As they utilize much of the same data, net income vs. net profit are comparable. However, net income is more difficult to calculate as shareholder dividends are included in an additional calculation. On the other hand, net profit showcases a business’s failure or profitability during a specific time frame. Companies frequently assess their performance by comparing their net profit estimations to those of rivals. It may also show which expenses need reduction or how much of the market a business controls.

How to calculate net profit?

Similar to net income, if business analysts have the necessary data, calculating net profit is simple. Comparing a company’s overall revenue to its direct operating expenses results in net profit. That covers how much it costs to pay staff, how much it costs to buy the supplies to create their products, and how much it costs to rent space for a factory, an office, or a store. To determine net profit, apply the formula: Net profit = total revenue – operating costs – company expenses – taxes – interest. After calculating net profit, business analysts can compare the results to earlier net profits to determine whether or not the company has advanced. Analysts sometimes compare the results with rival market competitors’ net profits.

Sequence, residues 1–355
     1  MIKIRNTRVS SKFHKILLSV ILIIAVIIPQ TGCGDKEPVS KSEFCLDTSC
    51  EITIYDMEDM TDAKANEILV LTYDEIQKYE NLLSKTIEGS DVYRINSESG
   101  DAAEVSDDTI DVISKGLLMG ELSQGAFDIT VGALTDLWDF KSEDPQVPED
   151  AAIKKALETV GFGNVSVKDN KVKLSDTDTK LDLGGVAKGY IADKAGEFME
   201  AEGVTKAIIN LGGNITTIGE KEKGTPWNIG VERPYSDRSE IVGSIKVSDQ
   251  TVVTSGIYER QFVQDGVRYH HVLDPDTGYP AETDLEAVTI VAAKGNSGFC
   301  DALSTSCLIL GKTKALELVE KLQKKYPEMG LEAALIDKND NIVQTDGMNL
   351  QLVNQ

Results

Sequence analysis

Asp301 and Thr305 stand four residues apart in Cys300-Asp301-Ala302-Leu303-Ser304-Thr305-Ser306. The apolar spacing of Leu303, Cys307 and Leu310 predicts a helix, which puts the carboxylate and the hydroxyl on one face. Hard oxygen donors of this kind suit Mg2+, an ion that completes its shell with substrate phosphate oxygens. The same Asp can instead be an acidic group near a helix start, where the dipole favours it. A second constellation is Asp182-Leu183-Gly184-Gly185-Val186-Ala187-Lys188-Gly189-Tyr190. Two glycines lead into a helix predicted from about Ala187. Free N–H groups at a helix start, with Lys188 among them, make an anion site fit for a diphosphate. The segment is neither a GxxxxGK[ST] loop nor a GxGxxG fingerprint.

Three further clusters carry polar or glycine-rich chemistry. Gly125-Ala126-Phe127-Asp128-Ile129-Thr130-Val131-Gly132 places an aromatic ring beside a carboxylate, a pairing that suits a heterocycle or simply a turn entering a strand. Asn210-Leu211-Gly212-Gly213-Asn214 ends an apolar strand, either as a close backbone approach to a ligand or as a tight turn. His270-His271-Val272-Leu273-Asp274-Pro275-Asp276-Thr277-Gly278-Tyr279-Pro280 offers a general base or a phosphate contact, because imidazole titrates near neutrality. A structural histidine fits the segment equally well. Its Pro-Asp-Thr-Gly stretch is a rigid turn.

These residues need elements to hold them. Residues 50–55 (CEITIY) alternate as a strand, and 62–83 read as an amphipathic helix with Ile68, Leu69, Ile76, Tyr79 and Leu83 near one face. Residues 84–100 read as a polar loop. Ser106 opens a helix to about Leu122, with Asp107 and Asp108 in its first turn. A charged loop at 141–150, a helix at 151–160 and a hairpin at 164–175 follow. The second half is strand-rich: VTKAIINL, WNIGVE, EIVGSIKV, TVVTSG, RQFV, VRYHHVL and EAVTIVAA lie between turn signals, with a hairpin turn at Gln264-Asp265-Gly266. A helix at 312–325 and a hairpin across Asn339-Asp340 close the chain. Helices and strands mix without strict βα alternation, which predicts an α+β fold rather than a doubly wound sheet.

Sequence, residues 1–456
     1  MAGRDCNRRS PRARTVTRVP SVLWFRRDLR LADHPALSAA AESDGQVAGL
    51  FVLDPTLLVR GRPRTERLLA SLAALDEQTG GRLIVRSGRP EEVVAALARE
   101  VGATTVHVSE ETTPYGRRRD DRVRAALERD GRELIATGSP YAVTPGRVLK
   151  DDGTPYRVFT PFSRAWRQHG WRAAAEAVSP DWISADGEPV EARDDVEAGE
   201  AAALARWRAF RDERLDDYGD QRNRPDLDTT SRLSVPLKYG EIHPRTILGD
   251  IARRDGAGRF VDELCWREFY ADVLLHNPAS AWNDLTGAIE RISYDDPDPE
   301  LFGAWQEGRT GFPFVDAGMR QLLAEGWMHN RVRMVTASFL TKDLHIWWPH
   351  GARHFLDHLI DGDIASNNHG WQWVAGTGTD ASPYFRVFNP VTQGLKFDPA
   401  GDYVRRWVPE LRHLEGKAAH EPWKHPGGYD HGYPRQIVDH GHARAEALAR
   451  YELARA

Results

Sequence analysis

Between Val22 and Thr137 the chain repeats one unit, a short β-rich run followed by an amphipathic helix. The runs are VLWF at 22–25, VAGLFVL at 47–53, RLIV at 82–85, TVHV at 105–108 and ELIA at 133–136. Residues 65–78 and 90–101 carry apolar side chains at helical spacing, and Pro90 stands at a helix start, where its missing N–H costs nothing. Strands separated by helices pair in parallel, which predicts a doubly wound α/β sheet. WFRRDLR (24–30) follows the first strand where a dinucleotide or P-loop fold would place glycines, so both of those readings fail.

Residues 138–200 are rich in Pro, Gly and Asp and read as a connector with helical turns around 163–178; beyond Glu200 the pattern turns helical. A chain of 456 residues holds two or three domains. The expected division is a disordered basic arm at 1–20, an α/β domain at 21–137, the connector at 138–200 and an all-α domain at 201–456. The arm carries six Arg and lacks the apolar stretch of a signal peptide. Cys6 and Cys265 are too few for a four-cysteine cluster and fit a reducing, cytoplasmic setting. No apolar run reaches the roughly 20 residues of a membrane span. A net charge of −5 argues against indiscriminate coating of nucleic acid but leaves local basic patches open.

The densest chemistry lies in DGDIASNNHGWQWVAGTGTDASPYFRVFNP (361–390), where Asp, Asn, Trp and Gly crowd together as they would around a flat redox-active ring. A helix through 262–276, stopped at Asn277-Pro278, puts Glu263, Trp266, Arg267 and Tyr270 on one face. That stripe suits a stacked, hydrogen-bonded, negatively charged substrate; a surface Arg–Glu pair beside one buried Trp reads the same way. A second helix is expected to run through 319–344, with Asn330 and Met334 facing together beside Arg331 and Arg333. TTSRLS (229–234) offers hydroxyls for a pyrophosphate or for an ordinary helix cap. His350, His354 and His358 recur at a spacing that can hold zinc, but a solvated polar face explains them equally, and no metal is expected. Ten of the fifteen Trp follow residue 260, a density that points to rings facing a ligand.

What is an excellent net profit?

When discussing the best net profit, there isn’t a correct figure. A healthy net profit depends on the company’s operations and the sector it serves. You may use the industry median net profit to compare your net profit. However, economic factors also affect net profit. But, in general, a healthy net profit margin surpasses 10%.

Differences between net income vs. net profit

The following factors make distinguishing between net income and net profit easy. First,

net income is the amount that remains after subtracting preference dividends from net profit. At the same time, net profit is the term used to describe the company’s total profit throughout a specific accounting year. Second, net profit indicates the profitability position of the organization, while net income shows profits per share for equity owners.

Yet, as they all relate to the total of the remaining funds after all company expenses have been subtracted from the entire amount of revenue collected, you may hear accountants use any one of three terms—net profit, net income, or net earnings—to express the same thing.

Closing thoughts

As there isn’t much difference between net income vs. net profit, both terms frequently refer to the same thing. In truth, the only distinction between them is the preferred stock dividend. Moreover, the preference dividend is subtracted from net profit to determine the company’s net income. But now you know the distinctions between the two and when and how to use each.

Author bio: Lisa Smith is a passionate writer and aspiring accountant. She contributes articles to the State to State Move blog, where she educates and entertains her audience. Lisa enjoys spending time with her friends and traveling when she isn’t writing.